Tag Archives: ethnography

Visual methods with young people: encouraging creativity or bad photography?

I have just seen my final paper from my PhD project be accepted for publication, which offers me a chance to reflect back on the five publications that project prompted (all linked to at the end of this piece). It was a visual ethnography with secondary school students over one academic year, with students creating photo diaries of their engagement in physical activity (and also what they do when they are not active). The creative and participatory elements of this methodology gave me plenty to write about in these publications and I noted the additional insight into young people’s worlds that a photography project can provide – especially their lives outside of school or otherwise beyond the ethnographic site where we cannot physically go. I was also keen to share the participants’ photos as much as possible by reproducing representative pictures alongside the interview data we generated in talking about the photos and the participants’ experiences of physical activity. It felt important to share because this was something that the participants put time into making – and perhaps in some way it would work to deprivilege words in academic publication.

Participatory methods are often active or creative, and work to engage participants in the research process (Enright and O’Sullivan, 2012); they are a part of listening to and privileging student voice over doing research ‘on’ young people. For Gauntlett and Holzwarth (2006), visual creative methods are enabling, reflective, and a good starting point for examining identity and self.

What happens if participants engage with these methods but aren’t particularly … creative? What are we really looking for, something pretty or artistic or evocative?

There were indeed many wonderful photographs created by my participants, who wanted and were able to tell a story with or through their images. Examples include the boy I called Mitesh in Hill (2013 and 2015) who brought back more than 50 photos of his attempts in PE and out-of-school play to work on a body that would provide him with more status. It was really easy to decide to share some of these photos to add emotion to his verbal explanations. The visual was really powerful.

If this doesn’t happen, should we not bother reproducing the images in our publications?

In this project, of a total 539 photos created by the 25 participants, I received 78 photos of empty spaces, 75 photos of objects, and 112 self-portraits or snaps of friends. Many of them would not go in a photo album nor would they be chosen for an art exhibition. In short, they are not ‘great photography’.

Collectively, they contribute to telling stories about these young people’s engagement with and access to physical activity, its importance to them and how they try to fit it into their lives alongside school work, visiting family, relaxing with friends, worship and helping out at home. This side of the story showed that finding time for physical activity was difficult; it also showed that taking photos during physical activity is not always possible; and importantly the ‘storyless’ photos prompted some participants to explain that this was not all they did – they were able to talk about their other activities that the photos did not show. Photos in that sense provided elicitation, prompting further ‘feelings and memories’ as Douglas Harper has discussed (2002, p. 13).

I think the risk is that the ‘boring’ images that are not shared become the story not told, the hidden elements of the research project, and we might find ourselves at risk of not telling the whole story, simply because the data itself has little to ‘show’. This is obviously something that can happen with other forms of qualitative data, with mundane accounts or short answers possible in interviews. But I feel that there is still something to prove with creative methods, something that needs displaying to prove they are worthwhile forms of data generation, in the face of scepticism. I want to be proud of the project as a whole and that means reproducing elements of the data, not hiding it because my 13 year old participants had bad photography skills. In a journal publication where reproduction of four or five images might be possible, how do we make choices about what to show? If you claim to have used visual methods, but only reproduce the text or verbal data, that might render readers disappointed or confused as to what the visual data were for. In order not to privilege verbal accounts over visual, even if they are contradictory or less … instantly valuable? … the visual should, in my view, be shared.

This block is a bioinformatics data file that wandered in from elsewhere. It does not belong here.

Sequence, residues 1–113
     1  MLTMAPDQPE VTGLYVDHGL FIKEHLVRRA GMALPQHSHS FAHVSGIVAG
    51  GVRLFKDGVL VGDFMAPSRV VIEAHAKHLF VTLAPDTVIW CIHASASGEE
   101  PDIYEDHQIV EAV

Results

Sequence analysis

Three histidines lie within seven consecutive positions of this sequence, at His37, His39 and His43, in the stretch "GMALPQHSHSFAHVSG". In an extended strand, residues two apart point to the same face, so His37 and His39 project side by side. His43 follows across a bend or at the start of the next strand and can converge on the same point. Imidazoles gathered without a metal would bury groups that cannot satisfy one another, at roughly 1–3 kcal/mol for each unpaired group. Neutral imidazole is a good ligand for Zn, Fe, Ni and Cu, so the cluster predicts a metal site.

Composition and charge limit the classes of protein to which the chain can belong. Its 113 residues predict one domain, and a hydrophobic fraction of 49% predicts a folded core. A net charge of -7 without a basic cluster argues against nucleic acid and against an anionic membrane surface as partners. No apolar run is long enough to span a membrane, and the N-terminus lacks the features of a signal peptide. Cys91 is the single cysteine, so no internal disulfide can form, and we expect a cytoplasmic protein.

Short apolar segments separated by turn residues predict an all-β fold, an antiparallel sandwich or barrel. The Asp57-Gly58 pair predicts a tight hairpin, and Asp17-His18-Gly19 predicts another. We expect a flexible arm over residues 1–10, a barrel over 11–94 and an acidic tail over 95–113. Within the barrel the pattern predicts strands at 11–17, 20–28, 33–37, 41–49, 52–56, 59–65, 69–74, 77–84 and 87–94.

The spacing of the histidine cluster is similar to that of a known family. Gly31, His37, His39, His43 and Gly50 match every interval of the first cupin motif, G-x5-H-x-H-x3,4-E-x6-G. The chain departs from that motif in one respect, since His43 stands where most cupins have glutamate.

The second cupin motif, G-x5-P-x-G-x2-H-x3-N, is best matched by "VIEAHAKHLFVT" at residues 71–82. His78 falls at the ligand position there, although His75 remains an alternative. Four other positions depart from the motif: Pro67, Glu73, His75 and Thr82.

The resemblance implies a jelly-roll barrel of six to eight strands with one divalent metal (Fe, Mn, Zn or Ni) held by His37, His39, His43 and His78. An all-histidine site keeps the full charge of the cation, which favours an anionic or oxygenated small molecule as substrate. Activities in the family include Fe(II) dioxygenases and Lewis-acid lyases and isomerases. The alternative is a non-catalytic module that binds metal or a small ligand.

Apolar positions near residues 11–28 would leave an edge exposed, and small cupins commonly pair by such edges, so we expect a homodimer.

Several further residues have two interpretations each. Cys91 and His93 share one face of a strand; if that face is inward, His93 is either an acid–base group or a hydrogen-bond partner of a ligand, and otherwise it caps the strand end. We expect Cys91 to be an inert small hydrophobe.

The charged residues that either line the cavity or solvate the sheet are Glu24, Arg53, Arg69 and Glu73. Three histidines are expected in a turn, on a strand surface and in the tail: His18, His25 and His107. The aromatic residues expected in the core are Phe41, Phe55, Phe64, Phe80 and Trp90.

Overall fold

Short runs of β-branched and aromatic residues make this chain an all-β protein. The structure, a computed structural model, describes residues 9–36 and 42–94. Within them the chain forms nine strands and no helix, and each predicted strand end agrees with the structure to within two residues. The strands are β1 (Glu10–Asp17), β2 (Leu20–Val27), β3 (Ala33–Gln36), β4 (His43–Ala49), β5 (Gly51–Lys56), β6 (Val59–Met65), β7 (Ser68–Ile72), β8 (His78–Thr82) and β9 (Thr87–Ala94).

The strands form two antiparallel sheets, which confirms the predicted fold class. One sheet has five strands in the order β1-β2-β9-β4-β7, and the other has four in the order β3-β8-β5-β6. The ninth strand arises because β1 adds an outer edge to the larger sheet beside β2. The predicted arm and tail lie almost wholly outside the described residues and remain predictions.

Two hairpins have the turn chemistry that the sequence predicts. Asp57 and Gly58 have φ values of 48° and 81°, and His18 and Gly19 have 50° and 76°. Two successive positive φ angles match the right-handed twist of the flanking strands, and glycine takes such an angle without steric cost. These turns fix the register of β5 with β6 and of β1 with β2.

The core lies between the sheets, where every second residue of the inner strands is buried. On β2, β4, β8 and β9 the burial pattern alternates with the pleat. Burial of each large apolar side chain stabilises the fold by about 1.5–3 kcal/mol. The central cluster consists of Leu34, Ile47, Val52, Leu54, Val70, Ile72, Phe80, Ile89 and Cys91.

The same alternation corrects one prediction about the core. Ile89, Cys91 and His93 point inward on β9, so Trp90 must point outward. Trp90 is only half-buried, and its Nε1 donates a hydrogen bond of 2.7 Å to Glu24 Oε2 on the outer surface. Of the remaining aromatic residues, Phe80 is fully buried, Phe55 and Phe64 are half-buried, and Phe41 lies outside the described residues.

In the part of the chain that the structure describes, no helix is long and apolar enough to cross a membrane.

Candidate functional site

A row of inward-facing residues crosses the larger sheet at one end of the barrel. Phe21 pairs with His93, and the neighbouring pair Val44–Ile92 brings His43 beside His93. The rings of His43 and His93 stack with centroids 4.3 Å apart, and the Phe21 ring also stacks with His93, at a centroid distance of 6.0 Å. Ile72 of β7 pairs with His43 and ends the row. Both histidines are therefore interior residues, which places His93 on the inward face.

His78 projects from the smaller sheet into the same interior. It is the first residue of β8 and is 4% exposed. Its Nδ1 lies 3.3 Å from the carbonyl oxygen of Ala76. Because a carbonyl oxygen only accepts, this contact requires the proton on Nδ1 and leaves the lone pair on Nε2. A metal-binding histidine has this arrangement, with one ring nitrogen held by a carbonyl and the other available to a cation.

Perhaps ultimately, this reflection contributes to calls for accessible datasets – provided we have ethically prepared for this – to let viewers see for themselves. Leonard and McKnight (2014, p. 2) highlight that the ‘seemingly mundane’ image is open to interpretation and might be seen differently by different viewers (citing Pink, 2007).

All data reproduction, whether from qualitative or quantitative projects, is a manipulation of the whole that will always involve some level of subjective decision making on what and how to present snippets of data in publication. In analysing and sharing data, researchers distill, shorten, concentrate, categorise – however you would like to call it – meaning that even the bad photography should be chosen if it contributes to emphasising the story or the decisions you’ve made for that publication.


Enright, E., & O’Sullivan, M. (2012). “Producing different knowledge and producing knowledge differently”: rethinking physical education research and practice through participatory visual methods. Sport, Education and Society, 17(1), 35–55.

Gauntlett, D., & Holzwarth, P. (2006). Creative and visual methods for exploring identities. Visual Studies, 21(1), 82–91.

Harper, D. (2002). Talking about pictures: a case for photo elicitation. Visual Anthropology, 17(1), 13–26.

Leonard, M., & McKnight, M. (2014). Look and tell: using photo-elicitation methods with teenagers. Children’s Geographies, 1–14. doi:10.1080/14733285.2014.887812

Pink, S. (2007). Doing visual ethnography: Images, media and representation in research. 2nd ed. London: Sage.

The five publications from this project

Hill, J. and Azzarito, L. (2012). Representing valued bodies in PE: a visual inquiry with British Asian girls. Physical Education and Sport Pedagogy, 17(3), 263-276.